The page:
And then you have the rest of us, living on and around that $1000  (a person) a month mark.  That's the majority from what I can surmise after 10 years and 10's of thousands of posts read and responded on a number of web locations on Social media (some where I am the moderator and some not).

Something to keep in mind that is often misconstrued:  The Minimum Wage in Ecuador is about $383 a month, with 3 extra payments, and that worker is supposed to also have their insurance paid and get two weeks vacation.  SO it's actually about $475 a month.  Families live together (here on the coast they tend to live in larger family groups) and funds are often combined with a number of family members contributing.  SO an average "nuclear family" is bringing in close to $1000 a month.  And again this is minimum wage.  Most are bringing in $800 to $1200 a month in jobs with any training.

A long answer to your question but to summarize.  The confusion comes from the underlying purpose of the sites you are reading.  Better information is available from Social Media forums where you can actually discuss how much and for what with expats already living here in various areas (as areas and location make a huge difference).  The average family unit in Ecuador makes above the minimum wage of $475 a month.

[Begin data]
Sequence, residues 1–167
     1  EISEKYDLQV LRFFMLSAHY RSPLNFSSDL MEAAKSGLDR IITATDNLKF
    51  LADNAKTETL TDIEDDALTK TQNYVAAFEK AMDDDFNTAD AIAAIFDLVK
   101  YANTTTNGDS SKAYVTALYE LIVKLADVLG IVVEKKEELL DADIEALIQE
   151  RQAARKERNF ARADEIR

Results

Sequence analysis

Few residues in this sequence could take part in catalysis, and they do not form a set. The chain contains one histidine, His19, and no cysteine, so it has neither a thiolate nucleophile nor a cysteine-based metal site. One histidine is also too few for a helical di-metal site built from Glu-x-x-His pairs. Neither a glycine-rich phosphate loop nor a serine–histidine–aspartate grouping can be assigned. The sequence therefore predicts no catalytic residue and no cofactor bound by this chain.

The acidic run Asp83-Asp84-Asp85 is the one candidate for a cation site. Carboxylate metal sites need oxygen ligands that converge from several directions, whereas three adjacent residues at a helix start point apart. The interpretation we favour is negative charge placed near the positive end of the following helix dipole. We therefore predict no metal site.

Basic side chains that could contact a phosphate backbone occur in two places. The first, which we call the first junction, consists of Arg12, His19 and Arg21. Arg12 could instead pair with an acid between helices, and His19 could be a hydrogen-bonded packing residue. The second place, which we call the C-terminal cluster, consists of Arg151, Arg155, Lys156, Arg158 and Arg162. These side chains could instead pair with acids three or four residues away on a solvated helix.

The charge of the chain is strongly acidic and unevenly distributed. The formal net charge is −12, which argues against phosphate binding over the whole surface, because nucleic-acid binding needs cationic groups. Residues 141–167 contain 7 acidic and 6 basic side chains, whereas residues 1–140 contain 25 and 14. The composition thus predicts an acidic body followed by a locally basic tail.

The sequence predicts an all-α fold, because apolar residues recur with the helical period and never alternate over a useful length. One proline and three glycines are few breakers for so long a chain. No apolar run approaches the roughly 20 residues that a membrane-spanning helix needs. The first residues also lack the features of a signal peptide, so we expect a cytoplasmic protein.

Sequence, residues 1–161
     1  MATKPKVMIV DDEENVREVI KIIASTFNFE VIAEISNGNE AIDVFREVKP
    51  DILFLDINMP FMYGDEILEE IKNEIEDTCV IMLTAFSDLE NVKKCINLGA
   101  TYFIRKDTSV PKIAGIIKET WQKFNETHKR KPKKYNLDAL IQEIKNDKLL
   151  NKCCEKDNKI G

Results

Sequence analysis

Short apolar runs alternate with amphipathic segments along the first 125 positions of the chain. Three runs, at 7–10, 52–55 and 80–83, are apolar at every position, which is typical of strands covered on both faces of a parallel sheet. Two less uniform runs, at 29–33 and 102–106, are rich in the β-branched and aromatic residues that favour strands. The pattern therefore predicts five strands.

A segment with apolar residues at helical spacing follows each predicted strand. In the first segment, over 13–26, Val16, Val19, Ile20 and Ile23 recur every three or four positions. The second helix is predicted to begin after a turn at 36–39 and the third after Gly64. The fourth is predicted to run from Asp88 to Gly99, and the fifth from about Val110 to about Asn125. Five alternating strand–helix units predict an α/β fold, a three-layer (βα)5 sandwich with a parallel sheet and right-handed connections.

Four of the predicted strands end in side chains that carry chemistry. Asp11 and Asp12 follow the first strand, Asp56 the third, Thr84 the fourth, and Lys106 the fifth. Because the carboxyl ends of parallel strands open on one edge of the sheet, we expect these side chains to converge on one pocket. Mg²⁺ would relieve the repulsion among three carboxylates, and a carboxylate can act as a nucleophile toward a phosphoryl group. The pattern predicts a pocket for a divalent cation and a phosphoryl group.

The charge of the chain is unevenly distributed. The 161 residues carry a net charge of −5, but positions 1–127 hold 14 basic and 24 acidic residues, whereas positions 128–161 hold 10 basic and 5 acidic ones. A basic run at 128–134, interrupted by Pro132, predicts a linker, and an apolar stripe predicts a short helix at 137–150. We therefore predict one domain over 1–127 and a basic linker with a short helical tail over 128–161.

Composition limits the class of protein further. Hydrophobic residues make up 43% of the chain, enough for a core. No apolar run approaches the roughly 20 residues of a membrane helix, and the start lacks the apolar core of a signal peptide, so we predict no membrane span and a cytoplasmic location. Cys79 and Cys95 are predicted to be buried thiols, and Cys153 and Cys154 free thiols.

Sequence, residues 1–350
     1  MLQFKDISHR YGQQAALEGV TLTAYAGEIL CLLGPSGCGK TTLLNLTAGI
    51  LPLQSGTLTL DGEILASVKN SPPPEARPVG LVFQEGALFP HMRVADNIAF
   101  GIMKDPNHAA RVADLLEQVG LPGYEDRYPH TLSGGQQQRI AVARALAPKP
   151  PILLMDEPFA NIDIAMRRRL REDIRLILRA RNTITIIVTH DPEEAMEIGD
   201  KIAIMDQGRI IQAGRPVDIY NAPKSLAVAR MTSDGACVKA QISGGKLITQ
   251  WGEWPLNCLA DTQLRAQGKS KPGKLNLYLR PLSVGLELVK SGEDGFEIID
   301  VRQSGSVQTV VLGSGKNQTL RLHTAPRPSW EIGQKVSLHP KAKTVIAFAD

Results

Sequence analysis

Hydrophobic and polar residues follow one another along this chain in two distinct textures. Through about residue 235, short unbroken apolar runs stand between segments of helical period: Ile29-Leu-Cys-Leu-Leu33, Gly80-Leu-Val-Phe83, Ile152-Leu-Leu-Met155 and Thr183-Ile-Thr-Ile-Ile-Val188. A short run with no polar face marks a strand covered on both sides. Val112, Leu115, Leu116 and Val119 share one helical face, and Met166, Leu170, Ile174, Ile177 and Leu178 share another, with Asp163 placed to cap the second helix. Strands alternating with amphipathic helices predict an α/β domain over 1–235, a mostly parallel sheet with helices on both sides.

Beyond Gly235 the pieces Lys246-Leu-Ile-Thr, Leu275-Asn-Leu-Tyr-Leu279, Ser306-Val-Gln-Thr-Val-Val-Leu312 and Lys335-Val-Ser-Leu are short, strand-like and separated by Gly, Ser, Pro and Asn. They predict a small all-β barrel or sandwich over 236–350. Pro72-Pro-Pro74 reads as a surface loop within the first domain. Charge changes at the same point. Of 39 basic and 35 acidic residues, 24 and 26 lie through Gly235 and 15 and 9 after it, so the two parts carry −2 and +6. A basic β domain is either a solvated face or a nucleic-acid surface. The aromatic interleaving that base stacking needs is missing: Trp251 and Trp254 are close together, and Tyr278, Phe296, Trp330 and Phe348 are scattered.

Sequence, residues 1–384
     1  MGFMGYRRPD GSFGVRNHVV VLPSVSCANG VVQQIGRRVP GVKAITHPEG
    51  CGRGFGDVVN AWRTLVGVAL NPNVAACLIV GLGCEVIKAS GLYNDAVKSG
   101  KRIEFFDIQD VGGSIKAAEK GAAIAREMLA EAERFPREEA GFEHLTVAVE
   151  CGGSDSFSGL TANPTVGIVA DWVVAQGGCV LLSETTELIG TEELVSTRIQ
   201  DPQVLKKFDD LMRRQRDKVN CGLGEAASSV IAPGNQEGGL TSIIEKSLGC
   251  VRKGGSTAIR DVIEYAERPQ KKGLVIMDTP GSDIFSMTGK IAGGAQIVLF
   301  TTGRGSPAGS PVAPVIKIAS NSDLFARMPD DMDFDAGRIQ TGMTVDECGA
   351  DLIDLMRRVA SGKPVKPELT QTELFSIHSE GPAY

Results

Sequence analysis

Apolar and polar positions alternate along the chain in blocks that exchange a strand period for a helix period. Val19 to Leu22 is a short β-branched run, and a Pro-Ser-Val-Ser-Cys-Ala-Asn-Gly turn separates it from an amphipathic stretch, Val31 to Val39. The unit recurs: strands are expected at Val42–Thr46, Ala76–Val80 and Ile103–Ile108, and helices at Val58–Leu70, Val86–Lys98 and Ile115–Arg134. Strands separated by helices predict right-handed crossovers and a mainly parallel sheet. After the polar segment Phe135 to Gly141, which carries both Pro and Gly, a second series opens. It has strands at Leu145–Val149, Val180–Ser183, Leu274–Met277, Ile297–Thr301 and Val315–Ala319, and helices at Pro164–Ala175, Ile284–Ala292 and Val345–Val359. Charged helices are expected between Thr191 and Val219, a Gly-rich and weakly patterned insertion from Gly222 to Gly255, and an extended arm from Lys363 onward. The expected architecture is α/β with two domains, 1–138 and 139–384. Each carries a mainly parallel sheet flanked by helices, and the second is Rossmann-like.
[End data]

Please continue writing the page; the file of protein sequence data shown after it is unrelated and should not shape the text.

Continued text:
One last thing to toss into the mix: Spanish.  If you speak Spanish and can live outside gringo centric areas that non speakers flock to, then you can save a lot of money on rent.  As an example, a 2/1 on the east (non ocean) side of the Ruta de Spondyus (our Pacific coast highway) just north of Olon in a lovely urbanization that appeals to many expats (Valles De Olon) rents for about $1,000 a month and there are many English speakers there.  They have a pool and a club house and many Guayaquilenos have purchased weekend homes there.  I live just south on the same side of the Ruta in a barrio called Las Palmeras.  The houses are not identical, in fact they range from bamboo to concrete and in all stages of building .  There is no home owners service that monitors a gate, and cleans the garden areas. In fact, there are no garden areas, just slices of farmland where fruit trees from the old plantation grow.  I pay $200 a month.  I have a moderate intermediate level of comprehension and speaking skills.

The prices vary because bloggers quote costs that reflect their own lifestyles, and not the actual cost of living of a particular city.

So for example the cheap $3.00 Ecuadorian lunch is constantly quoted but mid-range and upper end restaurants are not. So for every cheap almuerzo there are mid-range restaurants that cost $60-$80 for two people. There are also fine dinning restaurants in which a four course dinner for two people can cost $200 with a bottle of house wine. An Ecuadorian member comprised a list of such high-end restaurants on the Ethnic Restaurant thread, and some of these places have their menus with prices for all to see (look at Sur or Zazu for instance).